- Chop coconut sugar into small chunks. You can also use a grater. If you like a completely liquid centre, grate your gula melaka fine. If you like a bit of crunch, have a combination of small chunks and finely grated coconut sugar.
- Add 1/8 tsp salt to the grated gula Melaka and give it a stir to mix through.
Making salted gula Melaka ondeh-ondeh
- In a mixing bowl, combine glutinous rice flour and rice flour and whisk to mix.
- Add pandan extract to water. Stir to mix evenly and watch that stunning green colour appear!
- Add pandan extract mixture to the flour, then combine it until it forms a pastel green dough. We found this easier done by hand. You want a dough with a texture that feels elastic, almost like playdough. However, it should not feel sticky on the fingers. If the dough feels too dry, add some water 1 teaspoon at a time. If it’s too moist, add glutinous rice flour 1 teaspoon at a time. The dough should not stick to your fingers.
- Divide and roll the dough into roughly 18 balls, of about 9-10g each. Place them on a surface dusted with glutinous rice flour as these balls can get quite sticky.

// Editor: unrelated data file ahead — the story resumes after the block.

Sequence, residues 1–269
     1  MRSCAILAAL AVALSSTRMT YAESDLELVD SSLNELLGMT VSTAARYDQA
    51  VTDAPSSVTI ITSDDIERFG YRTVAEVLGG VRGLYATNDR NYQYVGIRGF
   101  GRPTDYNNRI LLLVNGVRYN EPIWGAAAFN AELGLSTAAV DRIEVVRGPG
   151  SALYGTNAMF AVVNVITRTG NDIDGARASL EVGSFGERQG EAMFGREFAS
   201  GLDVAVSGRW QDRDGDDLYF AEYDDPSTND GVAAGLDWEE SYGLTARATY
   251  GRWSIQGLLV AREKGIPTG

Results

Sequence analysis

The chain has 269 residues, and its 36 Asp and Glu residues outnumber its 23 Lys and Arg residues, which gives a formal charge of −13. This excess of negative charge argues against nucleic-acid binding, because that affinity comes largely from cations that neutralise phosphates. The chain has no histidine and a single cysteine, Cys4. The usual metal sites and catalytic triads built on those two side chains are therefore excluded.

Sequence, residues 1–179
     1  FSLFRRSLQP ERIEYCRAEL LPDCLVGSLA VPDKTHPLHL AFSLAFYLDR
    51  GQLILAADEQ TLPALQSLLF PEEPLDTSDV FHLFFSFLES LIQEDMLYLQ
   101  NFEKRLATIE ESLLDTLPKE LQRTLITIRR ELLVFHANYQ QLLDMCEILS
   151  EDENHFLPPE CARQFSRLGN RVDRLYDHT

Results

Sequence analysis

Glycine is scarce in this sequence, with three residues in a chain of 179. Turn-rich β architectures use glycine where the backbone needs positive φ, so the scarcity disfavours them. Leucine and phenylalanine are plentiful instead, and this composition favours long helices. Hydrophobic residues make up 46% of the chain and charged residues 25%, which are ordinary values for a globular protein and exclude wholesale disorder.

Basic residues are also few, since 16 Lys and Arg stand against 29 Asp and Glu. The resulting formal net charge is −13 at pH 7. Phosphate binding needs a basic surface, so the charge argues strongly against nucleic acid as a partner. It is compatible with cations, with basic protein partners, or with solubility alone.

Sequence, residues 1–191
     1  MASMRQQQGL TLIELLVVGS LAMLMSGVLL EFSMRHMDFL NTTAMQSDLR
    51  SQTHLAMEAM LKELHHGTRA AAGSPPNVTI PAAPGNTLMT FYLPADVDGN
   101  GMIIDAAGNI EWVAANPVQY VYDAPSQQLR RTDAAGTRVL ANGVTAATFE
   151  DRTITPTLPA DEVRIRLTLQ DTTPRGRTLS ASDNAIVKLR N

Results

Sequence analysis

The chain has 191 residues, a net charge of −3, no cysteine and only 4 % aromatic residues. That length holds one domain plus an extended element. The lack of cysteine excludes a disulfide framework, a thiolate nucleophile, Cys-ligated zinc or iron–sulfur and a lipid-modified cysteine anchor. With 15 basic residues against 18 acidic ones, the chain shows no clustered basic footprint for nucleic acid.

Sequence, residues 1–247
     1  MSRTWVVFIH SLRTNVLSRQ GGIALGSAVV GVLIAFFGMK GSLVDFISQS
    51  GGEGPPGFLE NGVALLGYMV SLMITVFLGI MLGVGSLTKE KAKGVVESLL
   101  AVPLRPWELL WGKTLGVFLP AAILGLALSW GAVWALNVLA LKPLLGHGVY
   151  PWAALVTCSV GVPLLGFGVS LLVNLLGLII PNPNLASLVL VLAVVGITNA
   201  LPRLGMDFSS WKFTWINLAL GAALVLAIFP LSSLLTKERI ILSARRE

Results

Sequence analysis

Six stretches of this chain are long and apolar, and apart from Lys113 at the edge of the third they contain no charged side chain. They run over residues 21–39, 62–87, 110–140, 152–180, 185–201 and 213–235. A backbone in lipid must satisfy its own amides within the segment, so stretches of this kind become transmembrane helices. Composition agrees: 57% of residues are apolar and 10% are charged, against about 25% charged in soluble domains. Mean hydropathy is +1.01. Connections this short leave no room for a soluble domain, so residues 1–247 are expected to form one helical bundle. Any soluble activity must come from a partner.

- Dust your hands with a little bit of glutinous rice flour. Take one ball and flatten it on the palm of your hand. You don’t want to flatten it too thinly or overly thick. Too thin and your balls can easily tear while cooking. Too thick and it’ll just be too chewy. About 3mm thick is a good size, but if you’re a first-timer, err on the (slightly) thicker side until you get the hang of it.
- Add about 1/2 teaspoon of salted coconut sugar in the middle, then shape the dough back into a ball to cover the filling. Repeat until you’ve used up all the balls of dough.